Because of its embryologic development from both the midgut and hindgut, the colon has two main sources of blood supply: the superior mesenteric (1) and inferior mesenteric (2) arteries (bold numbers refer to parts of this chapter’s figure). The superior mesenteric artery (1) supplies the right colon, appendix, and small intestine. The middle colic artery (3) is the most prominent branch of the superior mesenteric artery. It arises after the pancreaticoduodenal vessels. The middle colic artery branches into a right and left division. The right division anastomoses with the right colic (4) and ileocolic (5) arteries. The left branch communicates with the marginal artery of Drummond (6). The middle and right colic and ileocolic arteries are doubly ligated near their origin when a right colectomy is performed for malignancy. The ileocolic artery reaches the mesentery of the appendix from beneath the terminal ileum. Angulation or obstruction of the terminal ileum should be avoided following ligation of the appendiceal artery (7) in the presence of a short mesentery.
The inferior mesenteric artery arises from the aorta just below the ligament of Treitz. Its major branches include the left colic artery (8), one or more sigmoid branches (9, 10), and the superior hemorrhoidal (rectal) artery (11). Following ligation of the inferior mesenteric artery at its origin, the viability of the colon is maintained through the marginal artery of Drummond (6) by way of the left branch of the middle colic artery.
The third blood supply to the large intestine arises from the middle and inferior hemorrhoidal (rectal) arteries. The middle hemorrhoidal (rectal) artery (12) arises from the internal iliac (hypogastric) artery (13), either directly or from one of its major branches. They enter the rectum along with the suspensory ligament on either side. These are relatively small vessels, but they should be ligated when resecting the portion of the rectum they supply.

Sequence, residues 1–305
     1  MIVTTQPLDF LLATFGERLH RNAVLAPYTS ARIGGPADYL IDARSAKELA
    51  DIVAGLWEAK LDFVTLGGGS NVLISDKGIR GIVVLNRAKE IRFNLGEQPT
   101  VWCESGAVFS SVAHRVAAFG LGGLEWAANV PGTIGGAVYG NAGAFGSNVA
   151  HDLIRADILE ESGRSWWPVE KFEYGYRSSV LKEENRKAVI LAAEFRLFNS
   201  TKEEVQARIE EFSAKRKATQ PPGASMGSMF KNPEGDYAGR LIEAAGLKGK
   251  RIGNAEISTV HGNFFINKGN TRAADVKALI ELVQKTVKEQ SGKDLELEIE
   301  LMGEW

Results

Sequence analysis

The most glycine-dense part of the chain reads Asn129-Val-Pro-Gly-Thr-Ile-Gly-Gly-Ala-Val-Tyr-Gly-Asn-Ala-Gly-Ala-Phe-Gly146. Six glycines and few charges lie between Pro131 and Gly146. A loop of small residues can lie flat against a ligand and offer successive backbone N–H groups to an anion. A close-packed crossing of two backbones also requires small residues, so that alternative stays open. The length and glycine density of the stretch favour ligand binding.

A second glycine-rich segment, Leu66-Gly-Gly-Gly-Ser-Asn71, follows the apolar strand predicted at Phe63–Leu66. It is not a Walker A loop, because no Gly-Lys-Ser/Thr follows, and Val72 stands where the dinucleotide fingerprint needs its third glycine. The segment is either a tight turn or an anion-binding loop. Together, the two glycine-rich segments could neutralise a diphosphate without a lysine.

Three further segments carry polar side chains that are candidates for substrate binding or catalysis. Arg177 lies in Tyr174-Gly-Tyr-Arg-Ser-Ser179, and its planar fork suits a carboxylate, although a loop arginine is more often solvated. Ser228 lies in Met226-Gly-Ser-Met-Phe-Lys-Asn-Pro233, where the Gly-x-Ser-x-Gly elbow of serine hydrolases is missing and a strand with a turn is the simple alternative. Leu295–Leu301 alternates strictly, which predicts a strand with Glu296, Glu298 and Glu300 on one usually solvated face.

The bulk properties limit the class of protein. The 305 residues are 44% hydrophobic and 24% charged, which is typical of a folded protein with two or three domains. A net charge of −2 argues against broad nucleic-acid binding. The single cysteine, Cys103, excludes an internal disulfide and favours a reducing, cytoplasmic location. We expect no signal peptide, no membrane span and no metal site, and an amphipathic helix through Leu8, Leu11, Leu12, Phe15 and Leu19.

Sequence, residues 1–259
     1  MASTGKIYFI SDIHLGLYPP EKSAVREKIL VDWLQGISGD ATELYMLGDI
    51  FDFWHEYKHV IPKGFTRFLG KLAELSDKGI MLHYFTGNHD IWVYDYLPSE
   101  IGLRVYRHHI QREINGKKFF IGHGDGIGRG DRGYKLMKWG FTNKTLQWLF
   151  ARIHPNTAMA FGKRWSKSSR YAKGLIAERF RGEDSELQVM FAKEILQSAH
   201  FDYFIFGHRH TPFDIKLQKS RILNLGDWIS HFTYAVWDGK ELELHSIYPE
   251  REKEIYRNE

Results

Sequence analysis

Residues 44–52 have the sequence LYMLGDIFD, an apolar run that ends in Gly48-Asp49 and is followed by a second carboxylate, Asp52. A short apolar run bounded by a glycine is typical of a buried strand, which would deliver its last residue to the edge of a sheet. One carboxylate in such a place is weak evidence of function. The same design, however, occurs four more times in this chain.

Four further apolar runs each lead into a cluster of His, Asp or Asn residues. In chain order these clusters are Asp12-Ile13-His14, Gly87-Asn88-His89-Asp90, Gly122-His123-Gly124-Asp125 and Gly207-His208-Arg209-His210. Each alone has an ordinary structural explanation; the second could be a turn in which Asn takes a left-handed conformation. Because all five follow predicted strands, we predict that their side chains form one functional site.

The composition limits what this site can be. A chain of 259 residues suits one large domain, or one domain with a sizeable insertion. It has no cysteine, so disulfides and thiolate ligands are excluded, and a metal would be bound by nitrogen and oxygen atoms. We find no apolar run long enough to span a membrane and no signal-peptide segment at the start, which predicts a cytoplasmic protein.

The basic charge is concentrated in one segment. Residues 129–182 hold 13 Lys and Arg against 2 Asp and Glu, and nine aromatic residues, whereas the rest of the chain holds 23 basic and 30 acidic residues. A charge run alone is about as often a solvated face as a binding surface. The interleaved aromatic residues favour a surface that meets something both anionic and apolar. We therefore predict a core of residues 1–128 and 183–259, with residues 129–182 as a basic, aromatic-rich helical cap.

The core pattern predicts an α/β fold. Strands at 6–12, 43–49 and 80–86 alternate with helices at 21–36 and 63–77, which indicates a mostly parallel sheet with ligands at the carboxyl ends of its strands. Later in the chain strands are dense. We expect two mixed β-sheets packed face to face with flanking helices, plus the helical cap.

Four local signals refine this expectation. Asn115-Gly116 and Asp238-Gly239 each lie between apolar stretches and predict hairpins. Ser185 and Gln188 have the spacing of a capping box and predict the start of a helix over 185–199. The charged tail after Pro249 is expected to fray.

The blood supply to the anus is from the inferior hemorrhoidal (rectal) artery (14), a branch of the internal pudendal artery (15). In low-lying lesions, wide excision of the area is necessary with ligation of the individual bleeders as they are encountered.
The venous drainage of the right colon parallels the arterial supply and drains directly into the superior mesenteric vein (1). The inferior mesenteric vein, in the region of the bifurcation of the aorta, deviates to the left and upward as it courses beneath the pancreas to join the splenic vein. High ligation of the inferior mesenteric vein (16) should be carried out before extensive manipulation of a malignant tumor of the left colon or sigmoid in order to avoid vascular spread of tumor cells.
The right colon can be extensively mobilized and derotated to the left side without interference with its blood supply. Mobilization is accomplished by dividing the avascular lateral peritoneal attachments of the mesentery ...